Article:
Even viruses can suffer a viral infection, French scientists reported Thursday in the journal Nature in a discovery that may help explain how viruses swap genes and evolve so rapidly. A new strain of giant virus was isolated from a cooling tower in Paris and found to be infected by a smaller type of virus, named Sputnik, after the first man-made satellite. Sputnik is the first example of a virus infecting another virus to make it sick. The finding may shed light on how viruses mutate so quickly, a feature that can make them difficult to tackle with drugs and vaccines.
CALIFORNIA | LOCAL
November 10, 1999
It was October 1957 and the world's first artificial satellite, Sputnik, had been successfully launched by the Soviets. I remember that cool and clear night vividly. I was a 7-year-old boy sitting on the warm hood of the family car next to my parents and uncle, scanning the heavens for a glimpse of Sputnik's sun-reflecting visage. Most of the neighbors were also outside, and I could sense their awe and perhaps some fear as well. Someone across the street shouted, "There it is!" There it was indeed, a slow-moving but discernible point of light that, once spotted, clearly stood out from the motionless stars and blinking aircraft.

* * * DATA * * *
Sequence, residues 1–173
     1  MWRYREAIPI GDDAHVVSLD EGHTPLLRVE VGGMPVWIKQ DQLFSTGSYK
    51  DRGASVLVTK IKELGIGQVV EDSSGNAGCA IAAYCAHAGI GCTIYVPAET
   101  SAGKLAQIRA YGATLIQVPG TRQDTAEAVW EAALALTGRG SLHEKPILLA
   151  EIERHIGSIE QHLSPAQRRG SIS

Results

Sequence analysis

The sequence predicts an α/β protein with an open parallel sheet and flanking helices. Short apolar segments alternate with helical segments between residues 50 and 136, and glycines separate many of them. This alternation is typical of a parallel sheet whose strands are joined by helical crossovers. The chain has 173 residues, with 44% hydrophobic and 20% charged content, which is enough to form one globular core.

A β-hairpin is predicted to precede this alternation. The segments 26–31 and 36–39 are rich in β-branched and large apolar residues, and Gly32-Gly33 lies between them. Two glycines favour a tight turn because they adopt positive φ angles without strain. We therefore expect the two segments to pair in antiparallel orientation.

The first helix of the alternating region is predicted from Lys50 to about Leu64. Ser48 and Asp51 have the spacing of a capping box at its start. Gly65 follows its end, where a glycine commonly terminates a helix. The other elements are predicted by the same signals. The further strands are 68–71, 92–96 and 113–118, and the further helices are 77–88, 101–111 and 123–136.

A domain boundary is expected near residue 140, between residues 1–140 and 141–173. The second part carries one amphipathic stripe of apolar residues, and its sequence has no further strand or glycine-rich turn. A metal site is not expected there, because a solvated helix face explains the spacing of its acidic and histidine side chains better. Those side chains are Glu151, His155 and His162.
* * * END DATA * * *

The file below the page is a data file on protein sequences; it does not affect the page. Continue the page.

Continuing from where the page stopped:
NEWS
June 9, 1986 | MARIA L. La GANGA and STEVE HARVEY, Times Staff Writers
It was 1962, and the Space Race had commandeered world consciousness. The Soviet satellite Sputnik had been launched and two men had already been catapulted into the heavens. In Anaheim, businessman Al Stovall decided to launch his own space program with Stovall's Space Age Lodge, the first in a celestial chain of motels clustered around Disneyland like planets around the sun. The lodge's poolside cabana was a silver geodesic dome called "the Moon House."
MAGAZINE
April 26, 1998 | Daniel Nussbaum
Each word is taken from the vanity plate master list issued by the DMV* * IARIVD ONERTH BEE4 SPUTNIC WENTE N2ORBT. B4 PROZAC. BEFORE VIDTAPE, POLYSTR, DGTLSND. WHENNNN IWASA YNGSTR PEEPL DYD LISTN2 PATTI PAGE--ON 78S. TEFLON WAS SSOM CRAKPOT DREEME. EVRY1 DIDDIE WITH THER ORIGNEL LIVERR. IMOLD. * VELCRO. CLONED SHEEEP. NONFAT CHEEEZ. FRNKLEE ICOULD TKTRLVT. NDA FIFTYS, SUMHOWE WE SUR5D. NO1HD AU2MATQ FOKUS KAMERAS. WEHAD2 FOCUS OURSELF! ITT WSNTEZY.
ENTERTAINMENT
December 3, 1986 | THOMAS K. ARNOLD
Ray Wilson will tell you that two careers in front of the television cameras are better than one--especially if you want to keep your mug on the tube for more than three decades, as he has done. Wilson began his first on-camera career in 1953 as the straight-faced anchorman of San Diego's first nightly half-hour newscast, on KFMB-TV (Channel 8).
SCIENCE
August 9, 2008 | From Times Staff and Wire Reports
Even viruses can suffer a viral infection, French scientists reported Thursday in the journal Nature in a discovery that may help explain how viruses swap genes and evolve so rapidly. A new strain of giant virus was isolated from a cooling tower in Paris and found to be infected by a smaller type of virus, named Sputnik, after the first man-made satellite. Sputnik is the first example of a virus infecting another virus to make it sick. The finding may shed light on how viruses mutate so quickly, a feature that can make them difficult to tackle with drugs and vaccines.
OPINION
January 30, 2008 | Michael D'Antonio, Michael D'Antonio is the author, most recently, of "A Ball, a Dog, and a Monkey: 1957 -- The Space Race Begins."